Having spent yesterday watching four of the five best picture nominees in one sitting (oddly enough, from least to most favorite) my brain resembles overcooked meat coming off a George Foreman Grill. Hence no full-blown Weekend Update this time around. Besides, most of the food for thought probably centers around the Telegraph's choices of "50 crime writers to read before you die" and who didn't get picked. Otherwise:
My review of Scott Heim's new novel WE DISAPPEAR appears in the LA Times. Heim talks with Christopher Castellani of the Boston Globe about how the novel came to be, and why it took so long to write.
Oline Cogdill has good things to say about James O. Born's BURN ZONE.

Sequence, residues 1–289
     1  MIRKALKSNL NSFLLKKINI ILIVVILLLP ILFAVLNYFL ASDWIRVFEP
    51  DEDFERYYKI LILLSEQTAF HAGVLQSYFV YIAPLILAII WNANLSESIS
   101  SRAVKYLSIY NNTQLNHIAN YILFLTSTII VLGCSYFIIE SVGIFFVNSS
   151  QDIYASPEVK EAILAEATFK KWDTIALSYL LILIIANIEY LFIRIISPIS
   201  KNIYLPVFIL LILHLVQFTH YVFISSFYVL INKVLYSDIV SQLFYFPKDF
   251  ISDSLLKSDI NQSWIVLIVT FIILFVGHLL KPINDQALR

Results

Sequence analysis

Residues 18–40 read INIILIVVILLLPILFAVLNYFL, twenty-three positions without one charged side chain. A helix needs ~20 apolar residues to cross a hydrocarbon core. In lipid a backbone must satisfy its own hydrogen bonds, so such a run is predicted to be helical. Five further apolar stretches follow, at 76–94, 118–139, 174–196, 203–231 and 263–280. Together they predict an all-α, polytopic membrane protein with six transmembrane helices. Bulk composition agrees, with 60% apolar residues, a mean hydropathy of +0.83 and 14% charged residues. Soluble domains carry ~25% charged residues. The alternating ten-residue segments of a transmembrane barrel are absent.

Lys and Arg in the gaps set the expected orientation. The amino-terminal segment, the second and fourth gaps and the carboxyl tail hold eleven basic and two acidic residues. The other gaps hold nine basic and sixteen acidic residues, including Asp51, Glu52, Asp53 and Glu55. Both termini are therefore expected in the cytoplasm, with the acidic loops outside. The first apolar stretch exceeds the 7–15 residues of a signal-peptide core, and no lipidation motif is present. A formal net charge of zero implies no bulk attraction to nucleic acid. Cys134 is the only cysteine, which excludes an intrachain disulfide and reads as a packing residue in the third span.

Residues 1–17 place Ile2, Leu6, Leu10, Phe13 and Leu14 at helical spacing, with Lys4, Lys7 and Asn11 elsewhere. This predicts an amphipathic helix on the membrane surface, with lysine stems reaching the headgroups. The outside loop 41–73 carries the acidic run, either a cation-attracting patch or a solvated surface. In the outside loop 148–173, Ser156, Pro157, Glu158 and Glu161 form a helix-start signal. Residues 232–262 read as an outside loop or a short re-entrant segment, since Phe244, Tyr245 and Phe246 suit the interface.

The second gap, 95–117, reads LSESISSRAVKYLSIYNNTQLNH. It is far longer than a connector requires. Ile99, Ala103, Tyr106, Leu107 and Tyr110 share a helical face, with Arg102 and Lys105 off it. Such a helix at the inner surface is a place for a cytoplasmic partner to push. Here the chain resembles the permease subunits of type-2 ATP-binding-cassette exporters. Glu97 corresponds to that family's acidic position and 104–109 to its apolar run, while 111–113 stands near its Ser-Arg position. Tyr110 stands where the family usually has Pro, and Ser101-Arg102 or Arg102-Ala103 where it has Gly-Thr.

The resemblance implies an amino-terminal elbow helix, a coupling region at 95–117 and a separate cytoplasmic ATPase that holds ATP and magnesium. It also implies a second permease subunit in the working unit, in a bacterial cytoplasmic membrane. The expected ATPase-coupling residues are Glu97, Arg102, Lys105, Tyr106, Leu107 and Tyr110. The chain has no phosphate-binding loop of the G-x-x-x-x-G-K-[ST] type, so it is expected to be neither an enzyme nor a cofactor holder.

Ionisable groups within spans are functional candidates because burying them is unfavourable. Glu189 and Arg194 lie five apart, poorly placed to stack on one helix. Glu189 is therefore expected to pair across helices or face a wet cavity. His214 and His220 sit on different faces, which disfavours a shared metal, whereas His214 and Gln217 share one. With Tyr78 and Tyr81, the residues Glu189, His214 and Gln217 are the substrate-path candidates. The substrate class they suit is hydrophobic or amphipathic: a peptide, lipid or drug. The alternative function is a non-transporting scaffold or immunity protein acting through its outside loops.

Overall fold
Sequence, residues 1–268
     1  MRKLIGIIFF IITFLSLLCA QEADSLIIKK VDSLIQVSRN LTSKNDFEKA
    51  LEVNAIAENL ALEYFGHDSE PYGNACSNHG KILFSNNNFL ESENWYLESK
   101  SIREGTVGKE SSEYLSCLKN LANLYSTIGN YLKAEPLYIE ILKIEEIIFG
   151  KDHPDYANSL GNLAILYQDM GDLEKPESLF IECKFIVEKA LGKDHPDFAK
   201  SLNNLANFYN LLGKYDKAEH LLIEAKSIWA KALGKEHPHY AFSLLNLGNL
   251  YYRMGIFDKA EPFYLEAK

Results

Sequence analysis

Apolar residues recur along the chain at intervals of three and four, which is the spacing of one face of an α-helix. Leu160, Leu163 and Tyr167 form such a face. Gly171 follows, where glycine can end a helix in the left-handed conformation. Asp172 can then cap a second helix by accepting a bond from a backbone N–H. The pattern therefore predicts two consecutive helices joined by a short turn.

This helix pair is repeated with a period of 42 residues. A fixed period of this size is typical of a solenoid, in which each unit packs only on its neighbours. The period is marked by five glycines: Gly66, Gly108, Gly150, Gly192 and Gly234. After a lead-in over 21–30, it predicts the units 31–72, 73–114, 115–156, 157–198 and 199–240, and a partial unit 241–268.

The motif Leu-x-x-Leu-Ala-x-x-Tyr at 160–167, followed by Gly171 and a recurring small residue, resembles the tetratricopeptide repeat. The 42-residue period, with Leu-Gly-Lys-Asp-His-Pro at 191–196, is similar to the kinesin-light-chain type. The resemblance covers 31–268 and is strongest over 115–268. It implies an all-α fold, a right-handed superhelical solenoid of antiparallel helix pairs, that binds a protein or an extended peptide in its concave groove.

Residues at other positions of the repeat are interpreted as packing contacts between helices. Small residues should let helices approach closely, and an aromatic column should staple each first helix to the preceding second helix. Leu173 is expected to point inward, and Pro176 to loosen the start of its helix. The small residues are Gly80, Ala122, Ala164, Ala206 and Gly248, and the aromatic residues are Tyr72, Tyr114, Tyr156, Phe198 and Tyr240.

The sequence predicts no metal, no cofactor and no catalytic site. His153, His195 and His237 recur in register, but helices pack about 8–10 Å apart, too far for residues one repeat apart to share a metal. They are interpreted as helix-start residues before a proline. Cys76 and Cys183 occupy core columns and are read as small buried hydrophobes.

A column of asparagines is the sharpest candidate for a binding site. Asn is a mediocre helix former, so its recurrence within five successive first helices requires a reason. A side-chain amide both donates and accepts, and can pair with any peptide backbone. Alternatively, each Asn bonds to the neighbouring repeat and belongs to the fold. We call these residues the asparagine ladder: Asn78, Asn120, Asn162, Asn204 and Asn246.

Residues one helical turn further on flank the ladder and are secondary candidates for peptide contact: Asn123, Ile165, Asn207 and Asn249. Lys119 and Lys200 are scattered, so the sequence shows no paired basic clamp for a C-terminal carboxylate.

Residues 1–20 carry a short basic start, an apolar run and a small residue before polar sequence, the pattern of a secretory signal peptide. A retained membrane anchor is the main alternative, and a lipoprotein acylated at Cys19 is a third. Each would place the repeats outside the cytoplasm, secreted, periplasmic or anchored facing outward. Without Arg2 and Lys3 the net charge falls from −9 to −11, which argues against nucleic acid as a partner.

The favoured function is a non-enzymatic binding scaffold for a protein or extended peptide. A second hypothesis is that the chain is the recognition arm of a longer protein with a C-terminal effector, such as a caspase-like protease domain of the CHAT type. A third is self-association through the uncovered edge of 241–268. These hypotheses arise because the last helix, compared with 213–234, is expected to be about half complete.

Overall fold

David Montgomery rounds up new thrillers by Robert Ferrigno, Alex Berenson, William Bernhardt, Christa Faust and T. Jefferson Parker.
Marilyn Stasio feels generally favorable towards new books by Peter Robinson, April Smith, Jacqueline Winspear and Jonathan Barnes.
Hallie Ephron looks at new mystery titles by Adrian Hyland, Valerie Wilson Wesley and Elizabeth Becka.
Dick Adler returns to the Chicago Tribune pages with a review of Henry Kisor's new novel CACHE OF CORPSES.
The Guardian's Matthew Lewin looks at recent thrillers by Sophie Hannah, Jack Ross, John Macken and David Ignatius.
At the Pittsburgh Post-Gazette, Bob Hoover chats with Elizabeth George and Charles Todd about being Americans who write British-set mysteries. He also gets the Brit perspective from John Harvey and Peter Robinson.
And finally, Nick Antosca tracks political contributions by writers. Oh and there's a "side" benefit of total lack of privacy by would-be stalkers, which was also pointed out by Mark Athitakis, whose new blog American Fiction is now on my daily reading list.